One of the most controversial issues of the conference were the pork sausages served at the Wednesday dinner, where most of the attendees were Muslims and could not eat pork.



It became viral in twitter under the hastag #Blutwurstgate.



Germany's Interior Ministry said the food selection had been designed for the “diverse religious attendance” at the German Islam Conference.



He added that “there was a wide range of food at the buffet, with vegetarian, meat, fish and halal dishes available, but if individuals were still offended for religious reasons, we regret this”.



 



The German Interior Minister said Muslims belong to Germany. / Henning Schacht. DIK



However, Green Party politician Volker Beck slammed the Interior Ministry, writing on Twitter that “appreciating diversity means also considering different habits".



Meanwhile, the far-right Alternative for Germany (AfD) used the controversy to accuse critics of the Interior Ministry of attacking the German culture.



“Tolerance starts at the point where the blood sausage is seen simply for what it is: a German delicacy that no one has to like, but that, just like our way of life, cannot be taken away from us", AfD politician Alice Weidel wrote on Twitter.



Alongside the post was a picture of Weidel, smiling in front of several blood sausages topped with basil leaves.



 



TURKISH OPPOSITION LEADER CRITICISES THE CONFERENCE



Outside Germany, Turkey's opposition Nationalist Movement Party (MHP) leader called the German Islam Conference “a scandal”.



“The conference which convened with the slogan of 'Islam in Germany and for Germany' is carelessness and an insult on our belief", said Devlet Bahceli, addressing his party's parliamentary group meeting.


 

 


0
COMMENTS

    If you want to comment, or

 



 
 
YOUR ARE AT: - - “Muslims belong to Germany”, German Interior Minister says
 
ADVERTISING
 
 
 
AUDIOS Audios
 
Jonathan Tame: Economy, looking back at the decade Jonathan Tame: Economy, looking back at the decade

The Director of the Jubilee Centre (Cambridge) analyses the impact of the financial crises on families, and the future of the workplace in a connected world, from a Christian perspective.

 
Jim Memory: Europe, looking back at the decade Jim Memory: Europe, looking back at the decade

Jim Memory analyses the main issues that have changed Europe in the 2010-2019 decade. How should Christians live in a continent that has lost its soul?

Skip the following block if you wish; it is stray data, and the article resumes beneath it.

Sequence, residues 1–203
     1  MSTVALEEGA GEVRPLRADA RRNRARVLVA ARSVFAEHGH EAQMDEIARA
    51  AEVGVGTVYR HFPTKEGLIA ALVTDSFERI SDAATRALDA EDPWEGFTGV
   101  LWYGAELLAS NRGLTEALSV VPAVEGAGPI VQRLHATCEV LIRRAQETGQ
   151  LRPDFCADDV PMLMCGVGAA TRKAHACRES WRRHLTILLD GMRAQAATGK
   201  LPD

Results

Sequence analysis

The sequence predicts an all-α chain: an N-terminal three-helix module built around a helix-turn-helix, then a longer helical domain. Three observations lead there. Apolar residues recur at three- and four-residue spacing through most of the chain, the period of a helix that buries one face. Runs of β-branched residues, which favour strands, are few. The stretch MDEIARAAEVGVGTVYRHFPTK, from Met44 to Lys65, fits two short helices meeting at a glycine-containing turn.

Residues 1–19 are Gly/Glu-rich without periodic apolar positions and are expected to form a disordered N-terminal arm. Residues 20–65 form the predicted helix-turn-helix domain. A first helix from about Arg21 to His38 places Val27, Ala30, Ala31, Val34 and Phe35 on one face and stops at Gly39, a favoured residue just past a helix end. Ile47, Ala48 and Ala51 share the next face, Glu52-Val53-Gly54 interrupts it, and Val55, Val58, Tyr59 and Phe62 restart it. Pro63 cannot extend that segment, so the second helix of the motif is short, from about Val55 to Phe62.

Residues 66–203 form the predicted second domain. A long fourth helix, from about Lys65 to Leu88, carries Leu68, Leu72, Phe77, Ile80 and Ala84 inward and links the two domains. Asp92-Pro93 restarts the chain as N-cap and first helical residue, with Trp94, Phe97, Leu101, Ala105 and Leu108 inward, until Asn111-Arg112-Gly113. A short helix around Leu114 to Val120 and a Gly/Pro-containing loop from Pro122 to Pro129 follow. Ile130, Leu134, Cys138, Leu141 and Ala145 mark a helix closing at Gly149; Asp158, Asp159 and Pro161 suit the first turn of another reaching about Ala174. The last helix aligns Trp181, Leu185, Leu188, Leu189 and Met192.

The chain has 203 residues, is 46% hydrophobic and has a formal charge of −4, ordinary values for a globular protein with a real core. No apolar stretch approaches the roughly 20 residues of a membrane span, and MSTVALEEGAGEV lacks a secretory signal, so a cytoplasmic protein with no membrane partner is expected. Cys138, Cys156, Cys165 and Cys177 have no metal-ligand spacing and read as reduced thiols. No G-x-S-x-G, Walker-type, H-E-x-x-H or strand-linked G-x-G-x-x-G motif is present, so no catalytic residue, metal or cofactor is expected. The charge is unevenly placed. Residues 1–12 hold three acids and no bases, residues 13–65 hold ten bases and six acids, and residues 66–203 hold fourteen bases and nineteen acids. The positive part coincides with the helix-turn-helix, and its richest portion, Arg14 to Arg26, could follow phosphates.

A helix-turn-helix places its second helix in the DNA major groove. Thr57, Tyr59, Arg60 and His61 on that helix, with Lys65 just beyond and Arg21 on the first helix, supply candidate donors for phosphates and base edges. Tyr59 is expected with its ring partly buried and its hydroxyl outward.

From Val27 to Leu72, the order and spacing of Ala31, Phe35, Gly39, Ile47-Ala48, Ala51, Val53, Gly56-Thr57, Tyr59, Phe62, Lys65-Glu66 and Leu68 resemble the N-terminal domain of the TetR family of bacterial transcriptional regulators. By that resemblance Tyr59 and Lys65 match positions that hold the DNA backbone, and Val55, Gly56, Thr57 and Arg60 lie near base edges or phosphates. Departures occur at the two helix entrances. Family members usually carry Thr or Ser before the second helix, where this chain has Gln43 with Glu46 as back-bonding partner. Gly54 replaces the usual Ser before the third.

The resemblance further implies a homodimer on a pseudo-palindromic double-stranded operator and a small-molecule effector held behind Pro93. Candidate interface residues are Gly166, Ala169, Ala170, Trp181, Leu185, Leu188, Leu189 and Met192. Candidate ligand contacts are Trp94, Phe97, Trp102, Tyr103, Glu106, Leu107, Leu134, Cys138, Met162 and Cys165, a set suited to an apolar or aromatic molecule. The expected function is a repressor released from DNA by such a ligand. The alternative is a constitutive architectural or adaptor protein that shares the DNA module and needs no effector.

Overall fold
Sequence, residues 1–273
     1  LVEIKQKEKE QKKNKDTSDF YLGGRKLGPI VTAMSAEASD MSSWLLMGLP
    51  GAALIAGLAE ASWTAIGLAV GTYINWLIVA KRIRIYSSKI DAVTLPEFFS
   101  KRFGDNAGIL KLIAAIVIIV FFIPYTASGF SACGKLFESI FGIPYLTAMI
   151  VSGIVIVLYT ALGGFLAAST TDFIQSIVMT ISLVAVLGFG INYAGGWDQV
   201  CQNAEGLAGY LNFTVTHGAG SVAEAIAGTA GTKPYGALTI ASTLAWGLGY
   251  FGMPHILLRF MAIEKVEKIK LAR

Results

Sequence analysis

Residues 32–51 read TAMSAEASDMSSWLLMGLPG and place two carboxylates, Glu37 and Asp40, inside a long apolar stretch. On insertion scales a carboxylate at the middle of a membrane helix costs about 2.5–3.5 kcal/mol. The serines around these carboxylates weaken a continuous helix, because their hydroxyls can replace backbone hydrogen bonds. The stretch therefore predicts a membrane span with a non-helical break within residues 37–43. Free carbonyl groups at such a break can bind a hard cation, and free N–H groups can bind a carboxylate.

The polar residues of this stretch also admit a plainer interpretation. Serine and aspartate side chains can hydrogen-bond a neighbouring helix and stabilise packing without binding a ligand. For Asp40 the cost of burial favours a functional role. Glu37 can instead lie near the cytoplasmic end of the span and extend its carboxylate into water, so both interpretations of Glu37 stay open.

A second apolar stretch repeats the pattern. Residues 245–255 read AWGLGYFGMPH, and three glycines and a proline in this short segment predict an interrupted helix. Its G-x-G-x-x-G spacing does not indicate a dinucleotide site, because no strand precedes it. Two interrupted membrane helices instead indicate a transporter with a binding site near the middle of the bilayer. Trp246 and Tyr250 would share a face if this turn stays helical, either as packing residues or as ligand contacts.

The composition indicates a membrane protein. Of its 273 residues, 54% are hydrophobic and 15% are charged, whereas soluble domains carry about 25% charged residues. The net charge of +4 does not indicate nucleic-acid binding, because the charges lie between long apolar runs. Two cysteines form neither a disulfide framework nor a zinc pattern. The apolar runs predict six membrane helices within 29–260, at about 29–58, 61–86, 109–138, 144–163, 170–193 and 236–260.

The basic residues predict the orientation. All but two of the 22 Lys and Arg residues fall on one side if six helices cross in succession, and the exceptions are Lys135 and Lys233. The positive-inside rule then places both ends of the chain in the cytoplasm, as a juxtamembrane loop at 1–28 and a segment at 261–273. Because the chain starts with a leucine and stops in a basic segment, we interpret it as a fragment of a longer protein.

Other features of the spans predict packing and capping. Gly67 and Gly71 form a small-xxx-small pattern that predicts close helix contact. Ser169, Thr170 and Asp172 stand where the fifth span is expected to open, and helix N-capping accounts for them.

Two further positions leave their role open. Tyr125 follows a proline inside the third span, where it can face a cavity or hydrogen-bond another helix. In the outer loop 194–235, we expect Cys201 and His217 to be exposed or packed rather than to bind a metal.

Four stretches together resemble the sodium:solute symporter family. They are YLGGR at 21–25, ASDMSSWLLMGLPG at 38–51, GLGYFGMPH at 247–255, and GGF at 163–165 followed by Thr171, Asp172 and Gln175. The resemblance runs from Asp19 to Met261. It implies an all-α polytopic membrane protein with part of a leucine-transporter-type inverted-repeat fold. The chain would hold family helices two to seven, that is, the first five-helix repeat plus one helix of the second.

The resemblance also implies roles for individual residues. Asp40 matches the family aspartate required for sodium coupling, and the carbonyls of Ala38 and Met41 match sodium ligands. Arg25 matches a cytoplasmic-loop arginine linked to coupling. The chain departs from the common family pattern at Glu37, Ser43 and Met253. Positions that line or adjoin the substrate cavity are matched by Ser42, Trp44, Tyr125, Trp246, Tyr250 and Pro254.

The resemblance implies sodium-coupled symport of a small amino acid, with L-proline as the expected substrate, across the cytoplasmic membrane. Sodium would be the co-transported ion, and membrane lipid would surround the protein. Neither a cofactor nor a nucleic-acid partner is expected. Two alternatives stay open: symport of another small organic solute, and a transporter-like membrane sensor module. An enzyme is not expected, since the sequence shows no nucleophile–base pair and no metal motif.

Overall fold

Julia Doxat-Purser: 25 years of EEA office in Brussels Julia Doxat-Purser: 25 years of EEA office in Brussels

An interview with the socio-political representative of the European Evangelical Alliance about how evangelical Christians work at the heart of the European Union.

 
Ruth Valerio: A lifestyle that cares about creation Ruth Valerio: A lifestyle that cares about creation

Are Christians called to make a difference in environmental care? What has creation care to do with "loving our neighbours"? An interview with the Global Advocacy and Influencing Director of Tearfund.

 
PICTURES Pictures
 
Photos: European Week of Prayer Photos: European Week of Prayer

Christians joined the Evangelical Alliance Week of Prayer in dozens of European cities as local churches came together to worship God. 

 
Photos: Students at ‘Revive Europe’ Photos: Students at ‘Revive Europe’

Photos of the student conference that brought together 3,000 European Christians in Germany. ‘Revive our hearts, revive our universities, revive Europe’.

 
VIDEO Video
 
How should Christ's love inform your parenting of teenagers? How should Christ's love inform your parenting of teenagers?

Dave Patty shares about the notion of parenting children on God’s behalf.

 
What is a prayer meeting? What is a prayer meeting?

“Prayer is like a fire. One spark that someone prays should ignite a passion in someone else”. Mike Betts leads the network of churches Relational Mission.

 
Video: Highlights of ‘Revive Europe’ Video: Highlights of ‘Revive Europe’

A video summary of the student conference that gathered 3,000 in Karlsruhe, Germany. 6 days in 6 minutes.

 
 
Follow us on Soundcloud
Follow us on YouTube
 
 
WE RECOMMEND
 
PARTNERS
 

 
AEE
EVANGELICAL FOCUS belongs to Areópago Protestante, linked to the Spanish Evangelical Alliance (AEE). AEE is member of the European
Evangelical Alliance and World Evangelical Alliance.
 

Opinions expressed are those of their respective contributors and do not necessarily represent the views of Evangelical Focus.